Just when you thought you could count on something… Due to unavoidable circumstances, tomorrow (Wednesday) our building is having their annual board meeting and I have been hired to videotape it for reality TV. Hence I cannot show up at the pits to provide the much needed horseshoes on Wednesday.

Accordingly, horseshoes this week has been rescheduled to Thursday.

So, this week, it’s Thursday, but the rest of June it’s on for Wednesdays.

Thursday JUNE 15TH
7:00ish PM

Ft. Tryon Park, just North of the volleyball courts as you go down (not up) the steps from the higher elevation A train station at 190th St.

Wednesdays in June

It’s true… It’s really happening! Horseshoes in Ft. Tryon are now on Wednesdays in June.

aerial view of our deluxe playing field (flowers not shown, since they haven’t grown yet)

Show up about 7:00ish at the horseshow pits in Ft. Tryon Park near the A train station at 190th St.

It might rain, but Hey, this is a Rain or Shine event.



Experts can pitch ringers when the stake is under a blanket or when they are blindfolded. You too, can do this, but only if you practice. 

GOOD TO KNOW: Our very own Ron Gustav Müller Jacobson (who has joined in at least twice) was able to make ringers when blindfolded. In his native Mississippi, he used to do blindfolded exhibition games. He had quite a following and was known as the “shoe pitching’ Swede” which was kind of strange since Ron is really Norwegian.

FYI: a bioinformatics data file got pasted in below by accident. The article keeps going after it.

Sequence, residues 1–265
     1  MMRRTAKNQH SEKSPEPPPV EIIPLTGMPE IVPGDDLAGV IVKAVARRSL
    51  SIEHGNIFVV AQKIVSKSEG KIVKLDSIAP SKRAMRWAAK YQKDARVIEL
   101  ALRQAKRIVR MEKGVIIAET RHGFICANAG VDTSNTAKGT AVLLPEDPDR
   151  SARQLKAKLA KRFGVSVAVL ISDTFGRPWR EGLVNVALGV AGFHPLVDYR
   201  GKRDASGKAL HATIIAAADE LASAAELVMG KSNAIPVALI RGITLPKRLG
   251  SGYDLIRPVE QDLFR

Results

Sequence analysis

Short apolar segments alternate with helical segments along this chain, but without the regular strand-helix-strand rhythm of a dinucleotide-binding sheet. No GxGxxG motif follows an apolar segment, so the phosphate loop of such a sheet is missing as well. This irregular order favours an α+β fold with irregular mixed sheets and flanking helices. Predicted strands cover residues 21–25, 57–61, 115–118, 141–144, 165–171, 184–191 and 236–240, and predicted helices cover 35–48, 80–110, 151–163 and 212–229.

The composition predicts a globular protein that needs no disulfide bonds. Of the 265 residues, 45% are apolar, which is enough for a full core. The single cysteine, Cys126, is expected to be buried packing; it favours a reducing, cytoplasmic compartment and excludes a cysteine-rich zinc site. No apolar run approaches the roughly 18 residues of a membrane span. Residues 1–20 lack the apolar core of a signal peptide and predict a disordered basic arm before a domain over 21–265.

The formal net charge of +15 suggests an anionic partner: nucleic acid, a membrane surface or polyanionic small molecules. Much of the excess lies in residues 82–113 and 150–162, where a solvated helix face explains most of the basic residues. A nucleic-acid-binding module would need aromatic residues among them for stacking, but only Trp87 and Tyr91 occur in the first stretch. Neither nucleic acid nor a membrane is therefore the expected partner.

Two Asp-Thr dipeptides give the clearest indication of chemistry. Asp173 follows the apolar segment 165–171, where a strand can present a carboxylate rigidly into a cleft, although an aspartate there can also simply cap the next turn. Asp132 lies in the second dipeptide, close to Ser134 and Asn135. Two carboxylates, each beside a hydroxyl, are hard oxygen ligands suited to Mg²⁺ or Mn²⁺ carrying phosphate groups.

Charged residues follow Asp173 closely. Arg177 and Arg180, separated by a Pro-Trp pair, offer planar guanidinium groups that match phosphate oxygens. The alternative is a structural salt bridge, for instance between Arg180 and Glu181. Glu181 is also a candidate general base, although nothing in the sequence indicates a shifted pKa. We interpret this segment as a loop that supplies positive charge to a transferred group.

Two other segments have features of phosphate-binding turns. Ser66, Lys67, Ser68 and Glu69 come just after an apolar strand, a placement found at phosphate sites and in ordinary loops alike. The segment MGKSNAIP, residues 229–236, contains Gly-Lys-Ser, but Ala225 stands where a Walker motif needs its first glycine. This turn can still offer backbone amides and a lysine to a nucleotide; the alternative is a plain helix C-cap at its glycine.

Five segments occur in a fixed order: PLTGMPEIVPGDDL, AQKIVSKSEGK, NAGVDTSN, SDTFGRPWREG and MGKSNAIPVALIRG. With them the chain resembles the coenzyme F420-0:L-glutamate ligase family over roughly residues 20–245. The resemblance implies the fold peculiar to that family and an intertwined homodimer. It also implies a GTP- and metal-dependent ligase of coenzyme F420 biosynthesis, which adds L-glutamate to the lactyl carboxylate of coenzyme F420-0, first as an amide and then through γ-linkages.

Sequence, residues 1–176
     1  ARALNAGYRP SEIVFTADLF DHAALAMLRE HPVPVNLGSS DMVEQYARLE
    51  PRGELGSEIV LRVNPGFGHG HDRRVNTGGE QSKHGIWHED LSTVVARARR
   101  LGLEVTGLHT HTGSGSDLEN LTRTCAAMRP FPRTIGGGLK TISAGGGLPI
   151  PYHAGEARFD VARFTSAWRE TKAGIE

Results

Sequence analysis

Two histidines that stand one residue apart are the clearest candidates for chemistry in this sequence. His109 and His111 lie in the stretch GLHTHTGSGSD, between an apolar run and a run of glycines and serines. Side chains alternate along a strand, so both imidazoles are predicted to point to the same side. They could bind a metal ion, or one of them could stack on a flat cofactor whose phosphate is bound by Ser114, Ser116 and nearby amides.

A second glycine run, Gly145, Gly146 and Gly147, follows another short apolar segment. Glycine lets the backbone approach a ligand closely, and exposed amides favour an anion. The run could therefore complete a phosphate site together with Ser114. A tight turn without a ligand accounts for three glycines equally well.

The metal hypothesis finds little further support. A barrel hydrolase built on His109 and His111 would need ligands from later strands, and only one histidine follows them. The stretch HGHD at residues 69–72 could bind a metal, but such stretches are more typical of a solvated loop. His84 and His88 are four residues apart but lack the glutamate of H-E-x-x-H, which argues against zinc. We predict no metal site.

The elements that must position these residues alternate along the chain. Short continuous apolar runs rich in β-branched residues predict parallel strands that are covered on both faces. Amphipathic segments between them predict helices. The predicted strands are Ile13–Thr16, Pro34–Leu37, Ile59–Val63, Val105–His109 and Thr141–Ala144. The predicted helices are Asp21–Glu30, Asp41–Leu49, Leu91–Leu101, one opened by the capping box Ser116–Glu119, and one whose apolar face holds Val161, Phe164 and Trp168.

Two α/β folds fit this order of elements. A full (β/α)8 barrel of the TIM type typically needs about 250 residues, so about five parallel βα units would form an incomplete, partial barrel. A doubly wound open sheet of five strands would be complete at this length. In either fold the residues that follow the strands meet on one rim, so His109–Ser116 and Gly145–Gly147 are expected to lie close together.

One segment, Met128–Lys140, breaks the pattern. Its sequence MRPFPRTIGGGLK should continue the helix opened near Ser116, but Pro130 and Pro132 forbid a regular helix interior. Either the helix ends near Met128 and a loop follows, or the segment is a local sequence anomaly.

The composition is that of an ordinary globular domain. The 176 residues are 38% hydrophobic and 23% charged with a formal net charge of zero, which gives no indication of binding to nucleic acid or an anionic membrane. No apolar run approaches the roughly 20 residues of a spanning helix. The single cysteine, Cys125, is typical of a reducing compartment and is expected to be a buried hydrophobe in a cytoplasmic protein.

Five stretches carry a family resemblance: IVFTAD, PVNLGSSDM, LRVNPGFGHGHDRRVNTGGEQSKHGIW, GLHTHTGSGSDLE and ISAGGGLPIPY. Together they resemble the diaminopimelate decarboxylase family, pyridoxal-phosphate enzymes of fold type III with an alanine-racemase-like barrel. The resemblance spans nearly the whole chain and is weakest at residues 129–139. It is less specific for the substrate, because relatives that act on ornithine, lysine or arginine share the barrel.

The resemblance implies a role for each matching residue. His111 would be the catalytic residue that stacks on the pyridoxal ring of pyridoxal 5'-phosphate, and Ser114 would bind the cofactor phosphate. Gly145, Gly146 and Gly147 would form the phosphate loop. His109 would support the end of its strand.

“Mud Shoes”

One bag of sand each was added to two of the pits. Ultimately it was spread around a bit.

Two bags of sand were added to the pits last Thursday. It would seem advisable that an additional 6-8 bags should be added to complete a top-notch job. The sand bags cost about $5 each and they weigh about 50 lbs. making for a decent exercise bringing them down the hill. It could be part of your summer body-building routine. What do you think? Donations are always welcome.

This sand was made for planting and it’s a bit too fine grained. So it got a little messy in the rain.

The combination of the new sand and the rain made for a bit of a muddy mess. I called it “mud shoes.” It would be good to find some sand that’s a bit heavier grained. Probably it’d be cheaper too.


(Nothing But) Flowers

It was fun planting some flowers in the rain last Thursday. Let’s see if these non-native species have a chance against the persistent vines that have called the pits home for the past many years.

Some of the variety planted last Thursday in the rain

(Nothing But) Flowers

Years ago
I was an angry young man
I’d pretend
That I was a billboard
Standing tall
By the side of the road
I fell in love